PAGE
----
We were shocked by the sudden passing of DJ Rashad, a true innovator who inspired many of our DJs with incredible productions and a huge night here at Goodgod.
Some of our fave DJs have come together to pay tribute this Friday night, with proceeds going to Rashad’s family. And in the lead-up, they’ve put together their fave DJ Rashad tracks.
Whilst his more soulful joints like ‘Feelin’ give me the same vibe as hearing those early to mid-90’s jungle records that have defined so much of the music I love ever since (and with his untimely loss are the ones I play over and over), it’s this tune that really shook me to the core. Alongside his remix of Addison Groove’s “I go Boom” for 50 Weapons, these records are not only ultimate bangers but once you go deeper in to them, you see a real thoughtful quality to how everything has been put together. I firmly believe these records launched Rashad so ahead of the game, that he stood out on his own at that point. Not denying what his crew were doing as they are all super talented but for me, this was and still is truly groundbreaking stuff. The debilitatingly pounding bleeps that push the unrelenting bass & half time snares with all sonics pointing, gun in hand to the fact that we are hearing a person who ‘does not give a fuck’. Add in the switch up to a roll out and then again that classic jungle inspiration (for me anyway) comes in with pads. WHAT! The record sounds so lethal that you as a listener are part of it. Music has the power to instil emotions and this record does that. Albeit dark as ever, it strikes right to the core. If I was a boxer, I’d walk in to the ring listening to this. Any opponent would never have a chance.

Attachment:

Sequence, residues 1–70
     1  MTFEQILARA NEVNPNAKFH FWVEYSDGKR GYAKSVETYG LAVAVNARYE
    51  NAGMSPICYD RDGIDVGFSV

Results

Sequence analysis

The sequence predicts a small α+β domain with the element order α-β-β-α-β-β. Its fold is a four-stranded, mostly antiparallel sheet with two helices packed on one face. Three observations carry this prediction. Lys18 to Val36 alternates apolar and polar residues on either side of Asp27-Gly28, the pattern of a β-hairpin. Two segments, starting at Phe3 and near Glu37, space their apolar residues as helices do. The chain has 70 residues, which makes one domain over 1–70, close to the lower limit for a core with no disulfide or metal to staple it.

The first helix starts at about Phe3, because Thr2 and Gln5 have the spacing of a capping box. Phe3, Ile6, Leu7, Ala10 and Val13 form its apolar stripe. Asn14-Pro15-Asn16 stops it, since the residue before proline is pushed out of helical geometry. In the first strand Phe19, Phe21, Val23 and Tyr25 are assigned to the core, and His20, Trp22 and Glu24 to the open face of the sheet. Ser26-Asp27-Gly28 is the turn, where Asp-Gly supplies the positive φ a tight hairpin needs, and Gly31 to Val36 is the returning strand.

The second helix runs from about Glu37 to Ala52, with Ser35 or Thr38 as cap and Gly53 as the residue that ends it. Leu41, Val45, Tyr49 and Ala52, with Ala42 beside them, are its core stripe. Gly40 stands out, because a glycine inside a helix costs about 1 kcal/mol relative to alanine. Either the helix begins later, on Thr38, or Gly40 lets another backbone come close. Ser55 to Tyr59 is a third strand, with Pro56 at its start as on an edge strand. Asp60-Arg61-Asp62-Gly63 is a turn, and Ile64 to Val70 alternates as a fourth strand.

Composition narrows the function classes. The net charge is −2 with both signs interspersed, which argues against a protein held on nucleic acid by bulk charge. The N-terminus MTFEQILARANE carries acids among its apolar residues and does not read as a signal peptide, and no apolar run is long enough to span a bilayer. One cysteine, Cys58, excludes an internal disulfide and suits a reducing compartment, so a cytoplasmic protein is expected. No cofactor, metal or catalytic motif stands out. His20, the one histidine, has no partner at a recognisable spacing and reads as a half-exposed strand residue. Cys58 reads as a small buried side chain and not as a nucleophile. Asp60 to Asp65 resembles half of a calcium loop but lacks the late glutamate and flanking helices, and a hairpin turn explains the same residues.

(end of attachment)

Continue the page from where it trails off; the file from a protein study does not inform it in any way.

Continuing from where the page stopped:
Special note to Ashes 57 who captures the vibe brilliantly in the film clip.
With records like this, Rashad put his talent in to the stratosphere and is why his talent needs to be celebrated, explored and acknowledged.
His use of Stevie Wonder’s You Will Know ( taken from Stevie’s 1987 album, Characters) is absolutely brilliant and tugs at my heart strings every time I hear it. Stevie Wonders is one of those all time greats of mine and to hear this flipped the way it has just blows my mind. Dj Rashad had so much to offer and really thought more about the meaning of his samples and the effect it has on the dancefloor. As a producer he was on top of his game and was really making his mark on the music world and had so much to offer to the scene.
He will be very much missed but will live strong through his music.
It’s so hard to just choose one favourite DJ Rashad track as pretty much every ghetto set I’ve played over the years has featured his songs. “In Da Club Before Eleven O’ Clock” stands out, as not only is it one of my most played tracks, but it highlights what I love about Rashad. He always had the ability to take a raw, sometimes provocative vocal and make it sit so nicely alongside beautiful synth and instrumental sounds. RIP Rashad, you will be missed.
Oldie but a goodie. One of the first Rashad beats I came across. Great Mike Jones sample.